To install run:

apt-get install ifstat

then just issue:

ifstat

example output:

eth0
 KB/s in KB/s out
 4.22 237.91
 4.19 246.90
 4.17 248.41

to be continued….

Optimizing Raspberry Pi performance

CPU

The best way to overclock Raspberry Pi it is with the raspi-config tool

raspi-config

I go for the Modest option:

 

Nginx

Modify nginx.con (/etc/nginx/nginx.conf)

We only have one CPU thread…

worker_processes  1;

In the http { section add the following:

# Optimize memory
open_file_cache max=1000 inactive=20s;
open_file_cache_valid 30s;
open_file_cache_min_uses 2;
open_file_cache_errors on;
sendfile        on;
tcp_nopush     on;
server_names_hash_bucket_size 128;
keepalive_timeout  65;
# Enable website compression - it takes a lot of CPU
# If you are running low on CPU disable the Zip part.
gzip  on;
gzip_http_version 1.1;
gzip_vary on;
gzip_comp_level 6;
gzip_proxied any;
gzip_types text/plain text/html text/css application/json application/x-javascript text/xml application/xml application/xml+rss text/javascript application/javascript text/x-js;
gzip_buffers 16 8k;
gzip_disable "MSIE [1-6]\.(?!.*SV1)";

Also it is usefull to add:

#Hide Nginx version number
 server_tokens off;

 

 MySQL

Download and run this script: MySQL Tuner Perl script

perl mysqltuner.pl

then go to /etc/mysql/ and edit my.cnf accordingly.

 

Monitoring Raspberry Pi performance

CPU and Running processes

I use the classic: top. Installed as standard in our distributions, It will display the processes running and sort them according to certain criteria.

Here for example that the command returns on my server :

By default, the command will sort the programs by their CPU usage. To change the sorting press: ‘ f’ to select fields to display, then you move with the arrows. The SPACEBAR to display a field then ‘ s’ to use the field as default sort.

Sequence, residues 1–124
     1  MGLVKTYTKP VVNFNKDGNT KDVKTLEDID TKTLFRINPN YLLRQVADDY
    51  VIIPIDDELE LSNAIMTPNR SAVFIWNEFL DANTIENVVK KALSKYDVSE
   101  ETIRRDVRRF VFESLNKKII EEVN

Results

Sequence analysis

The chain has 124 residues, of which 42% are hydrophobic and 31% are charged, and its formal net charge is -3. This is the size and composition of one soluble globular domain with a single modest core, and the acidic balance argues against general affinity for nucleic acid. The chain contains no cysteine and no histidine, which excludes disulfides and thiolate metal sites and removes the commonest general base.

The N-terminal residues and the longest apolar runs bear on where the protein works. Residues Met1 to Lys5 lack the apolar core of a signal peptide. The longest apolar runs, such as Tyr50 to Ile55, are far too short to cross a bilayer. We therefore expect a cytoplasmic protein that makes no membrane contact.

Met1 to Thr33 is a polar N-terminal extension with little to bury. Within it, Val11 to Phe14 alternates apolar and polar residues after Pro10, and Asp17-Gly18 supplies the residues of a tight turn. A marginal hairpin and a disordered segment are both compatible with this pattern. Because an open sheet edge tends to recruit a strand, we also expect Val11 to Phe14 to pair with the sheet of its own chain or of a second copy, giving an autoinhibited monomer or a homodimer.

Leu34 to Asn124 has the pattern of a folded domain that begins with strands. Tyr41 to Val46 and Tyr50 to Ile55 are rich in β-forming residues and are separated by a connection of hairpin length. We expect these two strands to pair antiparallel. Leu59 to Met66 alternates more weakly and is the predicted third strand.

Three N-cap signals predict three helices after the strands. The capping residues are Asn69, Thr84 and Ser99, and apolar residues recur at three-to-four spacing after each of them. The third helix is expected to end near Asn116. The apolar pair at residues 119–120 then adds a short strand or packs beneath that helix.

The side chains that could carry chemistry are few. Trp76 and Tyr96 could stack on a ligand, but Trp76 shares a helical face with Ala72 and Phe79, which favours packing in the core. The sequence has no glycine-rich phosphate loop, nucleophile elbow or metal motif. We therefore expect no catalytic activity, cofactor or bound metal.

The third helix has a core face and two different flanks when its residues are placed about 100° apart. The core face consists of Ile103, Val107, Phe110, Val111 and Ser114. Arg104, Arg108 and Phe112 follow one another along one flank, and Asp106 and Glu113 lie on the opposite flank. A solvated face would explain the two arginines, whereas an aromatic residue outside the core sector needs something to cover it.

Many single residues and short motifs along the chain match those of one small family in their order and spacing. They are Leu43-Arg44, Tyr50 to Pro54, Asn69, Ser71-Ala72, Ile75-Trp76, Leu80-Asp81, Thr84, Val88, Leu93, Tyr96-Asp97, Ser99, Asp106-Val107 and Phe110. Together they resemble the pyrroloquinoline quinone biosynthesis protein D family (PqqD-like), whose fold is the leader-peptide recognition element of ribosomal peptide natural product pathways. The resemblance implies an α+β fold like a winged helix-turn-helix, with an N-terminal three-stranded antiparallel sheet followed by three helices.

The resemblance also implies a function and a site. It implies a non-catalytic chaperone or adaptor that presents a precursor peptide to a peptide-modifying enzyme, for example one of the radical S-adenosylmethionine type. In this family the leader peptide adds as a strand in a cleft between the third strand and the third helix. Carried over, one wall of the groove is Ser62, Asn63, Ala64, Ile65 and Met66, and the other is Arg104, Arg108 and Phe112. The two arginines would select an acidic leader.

Memory usage

To get some extra RAM reduce the graphics memory to 1MB using raspi-config tool:

Another great tool:

Disk Usage

 Webmin

There is always webmin that will give you some additional info:

Setting up NoIP on Raspberry Pi

Install No-IP client:

Create a directory for the client software

mkdir /home/noip
cd /home/noip

Download and extract the client software

wget http://www.no-ip.com/client/linux/noip-duc-linux.tar.gz
tar vzxf noip-duc-linux.tar.gz

Now install the software:

cd noip-2.1.9-1
 make
 make install

Next provide your NoIP username, password and refresh interval.
To start the program run:

/usr/local/bin/noip2

Setup automatic startup

nano /etc/init.d/noip

and paste this:

#! /bin/sh
 # /etc/init.d/noip
 ### BEGIN INIT INFO
 # Provides: noip
 # Required-Start: $remote_fs $syslog
 # Required-Stop: $remote_fs $syslog
 # Default-Start: 2 3 4 5
 # Default-Stop: 0 1 6
 # Short-Description: Simple script to start a program at boot
 # Description: A simple script from www.stuffaboutcode.com which will start / stop a program a boot / shutdown.
 ### END INIT INFO
 # If you want a command to always run, put it here
 # Carry out specific functions when asked to by the system
 case "$1" in
 start)
 echo "Starting noip"
 # run application you want to start
 /usr/local/bin/noip2
 ;;
 stop)
 echo "Stopping noip"
 # kill application you want to stop
 killall noip2
 ;;
 *)
 echo "Usage: /etc/init.d/noip {start|stop}"
 exit 1
 ;;
 esac
 exit 0

Make script executable:

chmod 755 /etc/init.d/noip

Test starting the program:

/etc/init.d/noip start

Test stopping the program:

/etc/init.d/Noip stop

Register script to be run at start-up:

update-rc.d noip defaults